Irish Indian Relations

Vijaya Lakshmi Pandit “A luminous strand in the tapestry of India’s freedom struggle”

Out of the 389 members of the Indian Constituent Assembly, only 15 members were women. One of these women went to become India’s third ambassador to Ireland. The second of three children, Vijaya Lakshmi Pandit was born in 18 August 1900 to Motilal Nehru, an illustrious lawyer and his wife Swarup Rani in Allahabad, India. She was elected to the provincial legislature of the United Provinces and became minister of local self-government and public health- the first Indian woman to hold a cabinet post in India before independence. In her  book “So I became a Minister” published in 1939 she gives readers a glimpse into the contribution of women in the realm of politics in newly independent India-

… there are 44 women in the provincial assemblies, the majority of them in every province being members of the Congress party. They are interesting themselves in all matters pertaining to the welfare of the country, especially in matters concerning the advancement of their sex.[1]

Although she is remembered for becoming the president of the United Nations General Assembly, the first woman to occupy such a post, she also held a range of notable diplomatic positions. From 1954 to 1961, she was sent to London as high commissioner. During this period of time, she had also been accredited as India’s first ambassador to Ireland.[2]  She recalled her tenure in Dublin in her anecdotal memoir The Scope of Happiness, tracing temperamental similarities between of Irish and Indian people.

We have always been very close to the Irish people. There are so many basic and endearing, though possibly irritating, qualities we Indians share with them. I involved myself with Irish playwrights, novelists, and poets, and when I was in Dublin en poste my greatest enjoyment was a visit to the Abbey Theatre.[3]

Born to an illustrious family and bestowed with private tutoring by an English governess, Vijaya Lakshmi Pandit made the most of the opportunities she got. However, in her book So I Became a Minister published in 1939, she gives readers a glimpse into the dilemmas she faced on assuming a ministerial post at a time when only men assumed office. To compound the situation, she had no previous experience of administrative tasks. After going about arranging flowers to adorn her office the first day she entered office, she went about facing the large number of files on her desk-

How on earth should I tackle them? Evidently it was no one’s business to initiate me into the mysteries of reading a file. I better teach myself. I looked through them and chose one that looked less complicated than the rest and began to read from the first page. It turned out to be interesting- soon I was engrossed in it and by the time I had read it through, felt quite competent to pass an order.[4]

Vijaya Lakshmi Pandit’s contribution to the spheres of pre-Independence nationalist activism and post-Independence politics as well as diplomacy is noteworthy. When she died in 1990, President Rama Swami Venkataraman pronounced her a “luminous strand in the tapestry of India’s freedom struggle. Distinctive in her elegance, courage, and dedication, Mrs. Pandit was an asset to the national movement.”[5]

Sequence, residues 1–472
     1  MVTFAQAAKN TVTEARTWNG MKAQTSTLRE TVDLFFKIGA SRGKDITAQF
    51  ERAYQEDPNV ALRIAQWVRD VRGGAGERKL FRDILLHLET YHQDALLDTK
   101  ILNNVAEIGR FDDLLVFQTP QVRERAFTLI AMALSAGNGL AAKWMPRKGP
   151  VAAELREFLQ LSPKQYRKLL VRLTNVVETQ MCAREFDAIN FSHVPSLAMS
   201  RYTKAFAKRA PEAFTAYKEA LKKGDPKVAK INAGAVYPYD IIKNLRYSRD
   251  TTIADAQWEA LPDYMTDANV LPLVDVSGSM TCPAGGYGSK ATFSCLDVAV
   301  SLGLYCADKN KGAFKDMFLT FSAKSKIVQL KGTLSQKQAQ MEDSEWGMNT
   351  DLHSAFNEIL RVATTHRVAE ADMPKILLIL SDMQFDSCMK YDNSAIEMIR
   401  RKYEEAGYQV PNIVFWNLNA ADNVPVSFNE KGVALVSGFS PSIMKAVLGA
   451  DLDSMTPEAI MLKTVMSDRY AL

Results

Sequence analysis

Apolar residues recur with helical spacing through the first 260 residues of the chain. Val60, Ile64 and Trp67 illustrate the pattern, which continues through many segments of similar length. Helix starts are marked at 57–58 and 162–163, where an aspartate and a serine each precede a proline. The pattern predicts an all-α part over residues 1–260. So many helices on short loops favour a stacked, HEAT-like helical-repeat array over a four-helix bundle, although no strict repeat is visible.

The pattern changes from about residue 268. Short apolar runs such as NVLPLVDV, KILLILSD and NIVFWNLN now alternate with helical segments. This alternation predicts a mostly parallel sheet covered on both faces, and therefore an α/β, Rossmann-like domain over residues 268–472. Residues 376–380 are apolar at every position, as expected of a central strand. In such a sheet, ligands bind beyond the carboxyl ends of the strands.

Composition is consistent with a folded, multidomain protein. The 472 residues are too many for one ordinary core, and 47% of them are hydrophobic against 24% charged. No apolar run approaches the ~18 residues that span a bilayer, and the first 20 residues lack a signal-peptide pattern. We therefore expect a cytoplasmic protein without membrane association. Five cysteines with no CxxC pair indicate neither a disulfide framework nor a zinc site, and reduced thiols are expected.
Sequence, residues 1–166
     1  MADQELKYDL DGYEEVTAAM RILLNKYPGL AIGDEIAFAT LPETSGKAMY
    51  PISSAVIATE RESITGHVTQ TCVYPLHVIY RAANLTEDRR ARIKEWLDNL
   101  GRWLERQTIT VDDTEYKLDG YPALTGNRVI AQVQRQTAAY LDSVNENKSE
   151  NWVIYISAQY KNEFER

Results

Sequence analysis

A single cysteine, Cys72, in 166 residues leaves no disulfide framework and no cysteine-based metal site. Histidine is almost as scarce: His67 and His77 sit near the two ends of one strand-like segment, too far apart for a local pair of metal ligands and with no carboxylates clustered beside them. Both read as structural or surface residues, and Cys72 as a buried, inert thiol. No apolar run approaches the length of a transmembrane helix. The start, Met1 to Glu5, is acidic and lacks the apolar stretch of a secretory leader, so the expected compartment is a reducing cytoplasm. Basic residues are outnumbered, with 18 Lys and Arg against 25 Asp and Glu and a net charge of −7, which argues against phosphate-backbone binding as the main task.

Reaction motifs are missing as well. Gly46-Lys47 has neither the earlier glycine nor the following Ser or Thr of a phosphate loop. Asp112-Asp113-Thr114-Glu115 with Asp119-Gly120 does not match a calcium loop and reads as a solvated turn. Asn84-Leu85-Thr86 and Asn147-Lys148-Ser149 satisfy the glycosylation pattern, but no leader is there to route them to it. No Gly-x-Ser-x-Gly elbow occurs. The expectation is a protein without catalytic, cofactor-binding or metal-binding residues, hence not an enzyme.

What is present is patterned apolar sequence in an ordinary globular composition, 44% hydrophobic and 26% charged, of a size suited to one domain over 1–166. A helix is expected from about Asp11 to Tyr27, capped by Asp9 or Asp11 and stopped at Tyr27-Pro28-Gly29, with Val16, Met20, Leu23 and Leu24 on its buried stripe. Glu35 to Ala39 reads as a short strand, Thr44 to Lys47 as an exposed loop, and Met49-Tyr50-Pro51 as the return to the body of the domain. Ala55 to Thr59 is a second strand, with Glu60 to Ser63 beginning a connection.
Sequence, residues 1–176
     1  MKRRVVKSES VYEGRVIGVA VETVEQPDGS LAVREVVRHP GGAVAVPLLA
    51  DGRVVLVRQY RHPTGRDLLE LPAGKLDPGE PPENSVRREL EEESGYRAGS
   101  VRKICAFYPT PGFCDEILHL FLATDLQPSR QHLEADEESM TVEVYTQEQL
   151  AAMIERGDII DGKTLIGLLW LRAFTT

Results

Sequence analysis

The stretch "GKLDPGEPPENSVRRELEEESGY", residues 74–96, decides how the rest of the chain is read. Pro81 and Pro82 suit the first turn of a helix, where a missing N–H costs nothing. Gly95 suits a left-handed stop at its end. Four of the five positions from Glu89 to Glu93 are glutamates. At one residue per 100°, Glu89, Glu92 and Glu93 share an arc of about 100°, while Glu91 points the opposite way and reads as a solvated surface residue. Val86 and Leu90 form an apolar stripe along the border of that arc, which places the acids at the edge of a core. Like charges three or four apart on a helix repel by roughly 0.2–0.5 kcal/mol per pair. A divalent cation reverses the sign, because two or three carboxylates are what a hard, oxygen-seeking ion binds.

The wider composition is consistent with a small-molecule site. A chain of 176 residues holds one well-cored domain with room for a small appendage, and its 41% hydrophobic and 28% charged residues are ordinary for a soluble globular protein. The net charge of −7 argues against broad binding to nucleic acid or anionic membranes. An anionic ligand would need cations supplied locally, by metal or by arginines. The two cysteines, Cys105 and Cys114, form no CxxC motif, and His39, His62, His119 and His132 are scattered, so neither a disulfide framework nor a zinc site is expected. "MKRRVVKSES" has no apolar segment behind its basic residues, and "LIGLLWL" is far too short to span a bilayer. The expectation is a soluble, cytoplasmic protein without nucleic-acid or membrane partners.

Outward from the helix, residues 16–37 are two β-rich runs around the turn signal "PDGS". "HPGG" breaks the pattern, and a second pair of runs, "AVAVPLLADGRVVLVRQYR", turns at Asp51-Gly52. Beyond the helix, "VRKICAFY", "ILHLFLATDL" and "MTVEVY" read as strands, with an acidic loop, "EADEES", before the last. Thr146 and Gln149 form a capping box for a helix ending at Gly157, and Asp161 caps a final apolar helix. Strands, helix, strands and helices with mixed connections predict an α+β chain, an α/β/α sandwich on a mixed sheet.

Bibliography

Hassan, Sara, Challenges faced by women- education, career and identity (Blue Rose publishers, 2020).

Pandit, Vijaya Lakshmi So I became a minister (Allahabad, 1939).

Pandit, Vijaya Lakshmi The Scope of Happiness: A Personal Memoir (New York, 1979).

Oxford Dictionary of National Biography

Photo credits :  Dutch National Archives, The Hague, Fotocollectie Algemeen Nederlands Persbureau (ANEFO), 1945-1989, Nummer toegang 2.24.01.03 Bestanddeelnummer 918-4265

[1] Vijaya Lakshmi Pandit, So I became a minister (Allahabad, 1939), p 73.

[2] ‘Pandit, Vijayalakshmi” in Oxford Dictionary of National Biography, https://www-oxforddnb-com.dcu.idm.oclc.org/view/10.1093/ref:odnb/9780198614128.001.0001/odnb-9780198614128-e-47741?rskey=vRT96D&result=1

[3] Vijaya Lakshmi Pandit, The Scope of Happiness: A Personal Memoir (New York, 1979), p. 83.

[4] Vijaya Lakshmi Pandit, So I became a minister (Allahabad, 1939), p 16.

[5]Sara Hassan, Challenges faced by women- education, career and identity (Blue Rose publishers, 2020), p 70.

(Divisha Mohan pursued her undergraduate degree specialising in History from Lady Sri Ram College for Women, graduating in 2019. She completed her masters in Irish History from Dublin City University. She is currently a public relations intern at the Ireland India Council. Her interests include transcontinental connections, feminism, and gender history..)
Disclaimer: The opinions expressed in this article are the personal opinions of the author. IIC does not assume any responsibility or liability for the same.

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